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Glenn BARKLEY THE JUDGING PROCESS I approach ceramics as an enthusiast as much as curator or artist. My responses are visceral and tactile. I have a deep appreciation of production and functional ceramics through my mother-in-law who is a production potter based in Berry on the NSW South Coast. I have great pleasure in using her, and others, handmade production ware every day. I also get great pleasure in looking at the work of artists who work with ceramics in a more sculptural way and I have worked with many ceramic artists in my professional life. I have been fortunate as a curator to visit many of the world’s great museums and galleries. LOOKING is a simple but key part of being a curator and looking, seeing, thinking and feeling about ceramics is central to my curatorial and artistic life. I am in awe of any artist who has spent a life time making and refining their work. I have championed artists who for one reason or another have been ignored by the mainstream contemporary art-world and have had an obsessive dedication to their practice. I mention this because, for a long time, ceramics has occupied a bit of a marginal position but this is starting to change. I am also interested in those artists who may have come to clay more recently after working in other fields and who may approach it as a way to talk about ideas as much as material. As both maker and curator my tastes are broad, and where they may not overlap with others, I hope I’m mature enough to acknowledge that and be inclusive of what’s important and real and honest. Being asked to judge something is frankly not my favourite thing and it does reveal my prejudices, but that’s why they choose me to judge the prize. Next time they will choose someone else and after that someone else.

Image opposite: Glenn Barkley. Courtesy of MY Media Sydney page 7 / 30th GCICAA 2016

Kelly AUSTIN Born 1985 Lives and works in Tasmania, Australia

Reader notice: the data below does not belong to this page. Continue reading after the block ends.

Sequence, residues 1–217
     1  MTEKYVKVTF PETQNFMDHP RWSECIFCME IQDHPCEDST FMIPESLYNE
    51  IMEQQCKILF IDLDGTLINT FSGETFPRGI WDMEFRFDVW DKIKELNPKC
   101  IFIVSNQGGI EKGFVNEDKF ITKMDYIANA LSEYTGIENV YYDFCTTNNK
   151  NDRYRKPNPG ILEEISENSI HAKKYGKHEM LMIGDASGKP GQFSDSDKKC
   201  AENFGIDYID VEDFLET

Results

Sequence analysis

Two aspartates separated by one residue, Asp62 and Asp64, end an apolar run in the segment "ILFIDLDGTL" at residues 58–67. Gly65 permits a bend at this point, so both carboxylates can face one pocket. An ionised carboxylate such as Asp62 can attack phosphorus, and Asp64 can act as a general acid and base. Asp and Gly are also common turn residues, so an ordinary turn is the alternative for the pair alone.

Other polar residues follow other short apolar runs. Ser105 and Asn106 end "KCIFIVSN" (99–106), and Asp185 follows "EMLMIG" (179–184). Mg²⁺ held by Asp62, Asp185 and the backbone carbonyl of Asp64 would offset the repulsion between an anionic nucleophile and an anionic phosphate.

My work combines opposing wheel thrown forms; the vessel and non-vessel; the familiar and nonfamiliar; and the practical and abstract to extend the perception of three dimensional objects associated with practical use. This occurs in still life painting and my practice investigates the relationship in three dimensions. I use colour and the placement of objects to give a sense of harmony and balance. A range of ceramic materials is used to disrupt their cultural status; the preciousness of porcelain sits next to earthen terracotta. I am interested in the tension between the tactility of my work and its display in the art gallery context.

paused composition 1 2016 | stoneware and terracotta, wheel thrown, glaze | 25 x 30 x 90cm | $ 1300 Courtesy of the artist

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Stephen BIRD Born 1964 Lives and works in New South Wales, Australia

Stephen Bird is known for his modelled and painted ceramic forms which idiosyncratically re-interpret the 18th and 19th century ornamental and souvenir wares that were mass-produced in factories such as in Stoke-on-Trent, in Staffordshire in the British Midlands. While these pieces appear traditional at first glance, his subjects have always been subversive responses to contemporary aspects of popular culture, history, war, violence, politics and religion, within universal themes of such as love, death, birth and life. Recent works have become more improvised in their exploration of form through hand building, press moulding and a painterly application of slip, pigment and glaze.

Men from Korea 2015 | clay, slip, pigment, glaze | 65 x 20 x 20cm and 57 x 20 x 20cm | $ 10500 Courtesy of the artist and Heiser Gallery

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Amanda BROMFIELD Born 1959 Lives and works in New South Wales, Australia

My work is about women and their place within history and culture. It explores how society views women and how women view themselves. Untitled references the ideology of Anne Summer’s Damned Whores and God’s Police and Albert Tucker’s Images of Modern Evil. I use colour to tell a story. Each work is multisided and creates its own diorama. I make my own glazes, glazes that are rich and luscious. I want to invite the viewer to touch the surface of my work, to follow the patterns of colour as the glaze blends and flows on its path around and down my sculpture.